Acquired vaccinated? Right here’s why chances are you’ll need to maintain that to your self
A Poudre Valley Hospital ICU Nurse shows off her vaccination card after getting the first round of Covid-19 vaccines at UC Health Poudre Valley Hospital on December 14, 2020 in Fort Collins, Colorado.
Helen H. Richardson | The Denver Post | Getty Images
It’s tempting to tell the world as soon as you receive a coveted Covid shot. But there’s reason to rein it in.
For starters, sharing a photo of your vaccination card on social media makes you a potential target of identity theft, according to the Better Business Bureau.
Not only does the personal information on the card, including your full name and birthday, make you vulnerable to scammers, it also provides all the information they need to create and sell phony cards online. (These cards are often given after vaccine recipients get their first dose.)
If you want to post about your vaccine, there are safer ways to do it, the Better Business Bureau advised.
For example, share a photo of your vaccine sticker instead, or change your privacy settings so only friends and family see your posts.
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Such visual displays are key to spreading a positive public health message about the Covid-19 vaccine, the Centers for Disease Control and Prevention has said. And, they can go a long way toward building confidence and encouraging others to get vaccinated.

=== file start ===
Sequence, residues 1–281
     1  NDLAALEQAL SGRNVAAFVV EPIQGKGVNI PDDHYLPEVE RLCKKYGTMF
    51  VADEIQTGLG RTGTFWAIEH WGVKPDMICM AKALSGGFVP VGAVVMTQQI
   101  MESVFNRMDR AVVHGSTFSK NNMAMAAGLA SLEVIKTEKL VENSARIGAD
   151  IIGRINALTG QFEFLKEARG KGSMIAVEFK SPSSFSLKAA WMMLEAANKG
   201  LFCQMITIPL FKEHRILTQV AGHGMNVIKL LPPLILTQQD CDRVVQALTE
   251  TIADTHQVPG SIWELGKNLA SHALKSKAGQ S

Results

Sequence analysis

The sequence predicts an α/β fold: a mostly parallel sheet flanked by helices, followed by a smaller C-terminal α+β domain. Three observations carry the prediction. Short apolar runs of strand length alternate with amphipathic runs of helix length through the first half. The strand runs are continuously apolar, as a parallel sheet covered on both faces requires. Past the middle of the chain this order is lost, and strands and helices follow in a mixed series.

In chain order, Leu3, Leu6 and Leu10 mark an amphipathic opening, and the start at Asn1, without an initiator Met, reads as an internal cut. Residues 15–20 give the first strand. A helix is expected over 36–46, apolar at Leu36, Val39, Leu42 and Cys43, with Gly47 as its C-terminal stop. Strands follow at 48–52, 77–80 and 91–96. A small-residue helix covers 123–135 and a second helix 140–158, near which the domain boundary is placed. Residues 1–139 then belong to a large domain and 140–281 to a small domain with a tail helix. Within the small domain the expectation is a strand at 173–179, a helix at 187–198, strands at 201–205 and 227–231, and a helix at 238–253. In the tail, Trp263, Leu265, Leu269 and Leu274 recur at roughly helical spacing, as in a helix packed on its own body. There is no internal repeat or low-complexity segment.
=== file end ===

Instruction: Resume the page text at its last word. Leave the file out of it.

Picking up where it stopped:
But with such limited supply and appointments hard to come by, posting about getting vaccinated, possibly ahead of high-risk candidates, also presents a murky moral dilemma — particularly as examples of the inequitable distribution of the vaccines increase.
With supply so constrained, “there’s some inherent conflict there,” said Steven Thrasher, a professor and Daniel H. Renberg chair of social justice at Northwestern University. “We do have to wrestle with how this vaccine has been rolled out.”
Rather than figure out how you can get your own vaccine appointment, help others without the same time and resources, he said.
More than 48.4 million doses of the vaccine have been distributed in the U.S. so far, according to data from the CDC. Among those who received a first dose, 55% were over 50 years old.
“There’s always going to be someone more in need behind you in line,” said Zoe McLaren, an associate professor in the School of Public Policy at the University of Maryland, Baltimore County.
“We want to encourage everyone to get vaccinated and be proud of getting vaccinated, but until we have enough doses for everybody, we want to make sure those doses go to the people at greatest risk,” she said.
Until we have enough doses for everybody, we want to make sure those doses go to the people at greatest risk.
associate professor at the University of Maryland, Baltimore County
If you are not in a prioritized group, you might wait to sign up or choose an appointment two weeks away rather than tomorrow, McLaren advised.
Then, instead of posting about getting vaccinated, post “I can’t wait to get vaccinated.”
“Post in a way that encourages people to get vaccinated but prioritizes high-risk groups,” she said — and then “refocus our efforts on building a better system until vaccine supply increases.”
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